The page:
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Parliamentary questions
22 March 2011
Answer given by Mr De Gucht on behalf of the Commission

Article 2.1 of ACTA clearly defines its nature as a binding international agreement, which is binding on all its signatories: ‘Each Party shall give effect to the provisions of this Agreement. A Party may implement in its law more extensive enforcement of intellectual property rights than is required by this Agreement, provided that such enforcement does not contravene the provisions of this Agreement.’

The Commission is not aware of any statement made by the US authorities about ACTA being a voluntary agreement or about US laws not being consistent with ACTA. Such a statement was certainly never made in the course of the negotiations and is not part of the text of the agreement.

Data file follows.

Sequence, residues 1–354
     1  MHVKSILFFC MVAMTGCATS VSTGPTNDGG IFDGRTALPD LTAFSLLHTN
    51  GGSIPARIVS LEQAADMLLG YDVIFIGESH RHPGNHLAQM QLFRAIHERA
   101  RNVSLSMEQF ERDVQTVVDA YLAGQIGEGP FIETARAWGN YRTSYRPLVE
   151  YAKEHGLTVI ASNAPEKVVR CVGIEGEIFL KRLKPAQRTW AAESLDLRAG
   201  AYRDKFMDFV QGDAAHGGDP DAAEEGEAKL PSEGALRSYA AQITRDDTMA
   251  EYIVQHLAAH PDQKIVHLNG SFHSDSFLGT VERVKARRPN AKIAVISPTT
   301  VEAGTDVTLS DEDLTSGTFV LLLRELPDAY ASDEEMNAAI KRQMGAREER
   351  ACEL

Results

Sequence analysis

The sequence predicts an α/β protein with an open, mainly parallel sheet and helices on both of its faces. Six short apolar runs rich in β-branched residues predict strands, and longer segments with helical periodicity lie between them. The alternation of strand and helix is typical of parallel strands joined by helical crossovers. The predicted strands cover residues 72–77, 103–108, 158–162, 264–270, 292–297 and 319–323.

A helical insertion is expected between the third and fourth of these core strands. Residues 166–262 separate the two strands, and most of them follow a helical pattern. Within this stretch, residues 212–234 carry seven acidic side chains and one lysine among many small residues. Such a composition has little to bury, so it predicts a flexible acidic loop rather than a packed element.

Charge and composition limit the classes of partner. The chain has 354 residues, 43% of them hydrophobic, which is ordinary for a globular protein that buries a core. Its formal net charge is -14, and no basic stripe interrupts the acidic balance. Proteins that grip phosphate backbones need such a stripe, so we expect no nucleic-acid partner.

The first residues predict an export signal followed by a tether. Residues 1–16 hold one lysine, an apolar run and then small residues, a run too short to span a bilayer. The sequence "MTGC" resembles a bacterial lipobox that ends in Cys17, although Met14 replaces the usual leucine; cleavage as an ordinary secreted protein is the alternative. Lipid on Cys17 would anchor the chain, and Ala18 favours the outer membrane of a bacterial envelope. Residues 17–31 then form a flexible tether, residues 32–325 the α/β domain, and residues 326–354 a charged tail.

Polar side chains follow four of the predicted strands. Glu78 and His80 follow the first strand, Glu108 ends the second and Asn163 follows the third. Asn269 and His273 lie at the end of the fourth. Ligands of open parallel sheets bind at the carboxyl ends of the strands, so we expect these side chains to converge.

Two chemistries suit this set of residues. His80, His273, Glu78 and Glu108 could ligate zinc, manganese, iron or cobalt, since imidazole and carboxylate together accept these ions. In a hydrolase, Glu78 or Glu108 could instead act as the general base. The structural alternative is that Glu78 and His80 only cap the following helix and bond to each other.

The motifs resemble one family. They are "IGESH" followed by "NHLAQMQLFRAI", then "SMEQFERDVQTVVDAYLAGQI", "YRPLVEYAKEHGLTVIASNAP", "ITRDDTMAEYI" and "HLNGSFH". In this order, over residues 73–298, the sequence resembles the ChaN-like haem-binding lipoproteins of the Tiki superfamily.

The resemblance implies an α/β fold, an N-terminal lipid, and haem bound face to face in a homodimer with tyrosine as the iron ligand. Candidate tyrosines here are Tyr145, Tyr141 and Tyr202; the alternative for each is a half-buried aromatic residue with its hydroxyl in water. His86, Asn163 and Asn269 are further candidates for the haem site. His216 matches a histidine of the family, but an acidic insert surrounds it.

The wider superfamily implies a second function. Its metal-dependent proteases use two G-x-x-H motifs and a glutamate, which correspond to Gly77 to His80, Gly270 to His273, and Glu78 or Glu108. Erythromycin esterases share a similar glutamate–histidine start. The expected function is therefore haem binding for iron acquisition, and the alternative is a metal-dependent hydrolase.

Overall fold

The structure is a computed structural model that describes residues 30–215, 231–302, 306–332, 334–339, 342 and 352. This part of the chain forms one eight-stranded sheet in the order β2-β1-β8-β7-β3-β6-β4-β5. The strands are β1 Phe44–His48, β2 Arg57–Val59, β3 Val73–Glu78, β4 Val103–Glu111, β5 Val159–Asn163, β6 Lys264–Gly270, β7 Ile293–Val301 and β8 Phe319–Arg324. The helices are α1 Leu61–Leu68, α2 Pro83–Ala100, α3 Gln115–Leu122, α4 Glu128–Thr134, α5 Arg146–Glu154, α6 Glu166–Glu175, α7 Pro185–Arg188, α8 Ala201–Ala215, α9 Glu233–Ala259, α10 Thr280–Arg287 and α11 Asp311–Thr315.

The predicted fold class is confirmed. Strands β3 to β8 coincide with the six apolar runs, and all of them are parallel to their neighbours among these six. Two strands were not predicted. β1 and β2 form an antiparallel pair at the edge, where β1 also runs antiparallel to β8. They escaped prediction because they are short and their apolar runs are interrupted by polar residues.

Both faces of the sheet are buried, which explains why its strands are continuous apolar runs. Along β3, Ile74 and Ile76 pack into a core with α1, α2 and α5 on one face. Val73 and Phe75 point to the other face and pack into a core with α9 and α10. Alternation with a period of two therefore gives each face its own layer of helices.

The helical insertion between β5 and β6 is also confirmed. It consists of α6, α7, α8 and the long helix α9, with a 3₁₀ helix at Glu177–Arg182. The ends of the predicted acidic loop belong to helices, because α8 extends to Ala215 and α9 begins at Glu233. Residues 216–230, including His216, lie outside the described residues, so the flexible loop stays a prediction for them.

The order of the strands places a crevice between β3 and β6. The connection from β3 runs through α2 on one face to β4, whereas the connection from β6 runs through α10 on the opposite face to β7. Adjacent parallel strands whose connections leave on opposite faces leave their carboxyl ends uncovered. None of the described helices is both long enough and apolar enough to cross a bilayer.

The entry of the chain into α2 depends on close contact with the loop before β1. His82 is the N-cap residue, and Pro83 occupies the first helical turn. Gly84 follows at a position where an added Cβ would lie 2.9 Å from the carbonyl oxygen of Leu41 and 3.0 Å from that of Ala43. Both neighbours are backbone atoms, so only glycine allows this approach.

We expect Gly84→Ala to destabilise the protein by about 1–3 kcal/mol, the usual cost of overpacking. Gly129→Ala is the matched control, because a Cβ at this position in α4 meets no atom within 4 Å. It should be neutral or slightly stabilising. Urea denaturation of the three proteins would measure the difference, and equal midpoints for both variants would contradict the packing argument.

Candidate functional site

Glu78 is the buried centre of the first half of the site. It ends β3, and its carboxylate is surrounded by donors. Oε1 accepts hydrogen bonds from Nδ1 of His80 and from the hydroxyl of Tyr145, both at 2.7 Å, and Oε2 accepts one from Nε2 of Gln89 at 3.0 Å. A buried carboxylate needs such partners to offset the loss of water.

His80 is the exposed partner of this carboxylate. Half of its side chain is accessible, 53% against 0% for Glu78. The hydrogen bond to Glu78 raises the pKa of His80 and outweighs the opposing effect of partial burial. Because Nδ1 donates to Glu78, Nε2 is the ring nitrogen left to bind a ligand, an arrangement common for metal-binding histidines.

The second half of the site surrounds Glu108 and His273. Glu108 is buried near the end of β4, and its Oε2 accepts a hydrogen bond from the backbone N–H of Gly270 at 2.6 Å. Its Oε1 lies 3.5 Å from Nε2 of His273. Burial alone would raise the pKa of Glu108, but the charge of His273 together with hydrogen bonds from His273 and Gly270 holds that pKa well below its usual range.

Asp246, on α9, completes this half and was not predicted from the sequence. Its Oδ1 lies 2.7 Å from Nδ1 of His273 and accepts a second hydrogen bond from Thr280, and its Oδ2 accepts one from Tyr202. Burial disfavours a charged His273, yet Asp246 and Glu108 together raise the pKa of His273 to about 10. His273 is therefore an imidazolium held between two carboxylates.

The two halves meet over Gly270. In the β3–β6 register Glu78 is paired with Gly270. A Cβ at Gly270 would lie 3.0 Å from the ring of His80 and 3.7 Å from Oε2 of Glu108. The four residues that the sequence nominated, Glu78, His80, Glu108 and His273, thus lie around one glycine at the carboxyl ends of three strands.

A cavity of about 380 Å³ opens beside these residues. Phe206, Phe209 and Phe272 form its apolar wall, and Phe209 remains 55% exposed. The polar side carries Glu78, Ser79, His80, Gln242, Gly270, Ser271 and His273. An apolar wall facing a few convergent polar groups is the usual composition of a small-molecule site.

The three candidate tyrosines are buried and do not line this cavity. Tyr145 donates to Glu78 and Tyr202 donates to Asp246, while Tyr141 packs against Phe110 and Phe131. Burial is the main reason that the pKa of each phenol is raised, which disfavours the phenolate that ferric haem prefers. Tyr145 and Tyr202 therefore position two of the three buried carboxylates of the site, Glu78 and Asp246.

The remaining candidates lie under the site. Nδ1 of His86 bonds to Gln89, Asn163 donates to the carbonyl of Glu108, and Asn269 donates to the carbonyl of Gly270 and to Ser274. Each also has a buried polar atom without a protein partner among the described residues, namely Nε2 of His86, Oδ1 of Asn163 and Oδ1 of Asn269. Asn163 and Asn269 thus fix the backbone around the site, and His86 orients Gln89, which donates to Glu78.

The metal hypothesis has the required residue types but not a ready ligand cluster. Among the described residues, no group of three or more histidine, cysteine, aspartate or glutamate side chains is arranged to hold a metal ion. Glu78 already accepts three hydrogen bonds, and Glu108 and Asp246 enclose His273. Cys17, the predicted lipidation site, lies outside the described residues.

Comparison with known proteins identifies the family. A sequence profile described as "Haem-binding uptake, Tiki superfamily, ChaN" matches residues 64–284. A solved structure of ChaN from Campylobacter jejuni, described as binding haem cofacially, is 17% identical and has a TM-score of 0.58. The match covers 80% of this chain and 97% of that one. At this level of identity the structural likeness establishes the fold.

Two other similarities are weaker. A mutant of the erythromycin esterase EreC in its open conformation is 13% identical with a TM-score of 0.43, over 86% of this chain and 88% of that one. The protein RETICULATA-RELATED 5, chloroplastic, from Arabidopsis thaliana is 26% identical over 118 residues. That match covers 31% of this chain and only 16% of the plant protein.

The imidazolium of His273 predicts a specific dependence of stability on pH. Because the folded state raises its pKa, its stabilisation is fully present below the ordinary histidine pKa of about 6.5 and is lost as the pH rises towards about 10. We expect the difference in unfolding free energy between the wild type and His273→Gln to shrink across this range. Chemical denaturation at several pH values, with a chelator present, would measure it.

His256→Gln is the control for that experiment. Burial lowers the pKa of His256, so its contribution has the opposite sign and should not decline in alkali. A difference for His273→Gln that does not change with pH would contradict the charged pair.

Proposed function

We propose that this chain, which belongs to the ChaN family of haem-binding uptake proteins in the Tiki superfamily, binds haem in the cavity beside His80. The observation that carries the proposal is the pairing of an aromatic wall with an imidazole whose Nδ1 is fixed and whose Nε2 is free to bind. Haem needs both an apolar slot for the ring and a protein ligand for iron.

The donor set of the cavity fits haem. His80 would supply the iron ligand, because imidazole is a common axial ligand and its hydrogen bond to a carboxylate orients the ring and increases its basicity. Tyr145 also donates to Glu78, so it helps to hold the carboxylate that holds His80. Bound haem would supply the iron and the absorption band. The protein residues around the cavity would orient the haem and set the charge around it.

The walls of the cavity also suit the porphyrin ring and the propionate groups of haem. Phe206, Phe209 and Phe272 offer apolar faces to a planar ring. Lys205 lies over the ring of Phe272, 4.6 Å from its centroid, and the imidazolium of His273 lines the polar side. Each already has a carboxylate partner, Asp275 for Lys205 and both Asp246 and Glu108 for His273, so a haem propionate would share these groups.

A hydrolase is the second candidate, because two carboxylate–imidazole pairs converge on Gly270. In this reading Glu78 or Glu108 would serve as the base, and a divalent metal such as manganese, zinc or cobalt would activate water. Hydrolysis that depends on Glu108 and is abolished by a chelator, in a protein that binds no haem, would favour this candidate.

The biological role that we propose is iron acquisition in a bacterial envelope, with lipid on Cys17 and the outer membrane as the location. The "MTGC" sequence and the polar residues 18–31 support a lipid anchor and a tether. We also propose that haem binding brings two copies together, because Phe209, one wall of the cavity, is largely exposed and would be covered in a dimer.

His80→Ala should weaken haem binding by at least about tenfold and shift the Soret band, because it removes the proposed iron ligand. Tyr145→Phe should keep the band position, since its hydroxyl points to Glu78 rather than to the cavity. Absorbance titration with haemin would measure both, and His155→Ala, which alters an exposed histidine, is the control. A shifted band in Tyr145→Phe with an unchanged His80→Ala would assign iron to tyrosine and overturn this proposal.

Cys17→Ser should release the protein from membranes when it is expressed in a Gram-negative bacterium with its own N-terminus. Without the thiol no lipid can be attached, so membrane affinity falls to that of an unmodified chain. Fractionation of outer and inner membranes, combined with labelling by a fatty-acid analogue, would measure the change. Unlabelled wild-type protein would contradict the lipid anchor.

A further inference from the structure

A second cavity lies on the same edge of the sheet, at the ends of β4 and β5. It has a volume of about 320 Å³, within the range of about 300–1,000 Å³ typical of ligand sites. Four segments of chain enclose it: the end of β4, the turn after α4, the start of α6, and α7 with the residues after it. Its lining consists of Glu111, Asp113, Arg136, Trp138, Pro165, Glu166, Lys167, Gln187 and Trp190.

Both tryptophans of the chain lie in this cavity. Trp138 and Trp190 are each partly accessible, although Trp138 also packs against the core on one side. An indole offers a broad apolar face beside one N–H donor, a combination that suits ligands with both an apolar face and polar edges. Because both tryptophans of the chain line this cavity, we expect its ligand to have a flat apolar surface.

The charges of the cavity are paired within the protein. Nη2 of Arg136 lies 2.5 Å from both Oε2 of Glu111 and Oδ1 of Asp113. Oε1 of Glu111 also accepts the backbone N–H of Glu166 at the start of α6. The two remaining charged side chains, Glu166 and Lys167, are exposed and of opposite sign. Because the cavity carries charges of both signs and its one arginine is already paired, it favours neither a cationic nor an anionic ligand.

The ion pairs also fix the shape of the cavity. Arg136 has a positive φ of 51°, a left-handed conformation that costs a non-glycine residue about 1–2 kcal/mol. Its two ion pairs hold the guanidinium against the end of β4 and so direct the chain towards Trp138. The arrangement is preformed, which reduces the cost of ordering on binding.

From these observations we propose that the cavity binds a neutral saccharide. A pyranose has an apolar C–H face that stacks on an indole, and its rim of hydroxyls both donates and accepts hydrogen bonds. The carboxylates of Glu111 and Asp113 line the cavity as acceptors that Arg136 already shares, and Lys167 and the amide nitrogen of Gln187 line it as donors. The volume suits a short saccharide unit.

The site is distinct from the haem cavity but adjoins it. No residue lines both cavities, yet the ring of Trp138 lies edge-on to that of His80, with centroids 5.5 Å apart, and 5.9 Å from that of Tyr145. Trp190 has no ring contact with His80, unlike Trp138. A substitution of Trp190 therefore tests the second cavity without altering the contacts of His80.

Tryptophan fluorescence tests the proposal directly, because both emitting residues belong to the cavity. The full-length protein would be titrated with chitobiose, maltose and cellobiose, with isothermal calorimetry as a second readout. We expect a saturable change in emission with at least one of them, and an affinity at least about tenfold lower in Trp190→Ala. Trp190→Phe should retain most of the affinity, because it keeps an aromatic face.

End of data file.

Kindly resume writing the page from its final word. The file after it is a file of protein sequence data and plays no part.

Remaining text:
The reference to the Vienna Convention(1) in the initial reply was an answer to what the Commission understood as the general question about whether or not ACTA is formally considered to be an international agreement, binding on all its parties. The fact that the United States of America signed but have not yet ratified the Vienna Convention on the Law of Treaties has no bearing on whether or not the US is bound by this Treaty.

(1)The International Court of Justice in the Gabčíkovo-Nagymaros Project case observed that: ‘[The Court] needs only to bemindful of the fact that it has several times had occasion to hold that some of the rules laid down in that Convention might be considered as a codification of existing customary law’ (I.C.J. Reports 1997, p. 38, para. 46). The Court’s opinion, together with the relatively high number of parties to the Convention, suggests that the instrument states the current general international law of treaties.

OJ C 294 E, 06/10/2011
Last updated: 3 May 2011Legal notice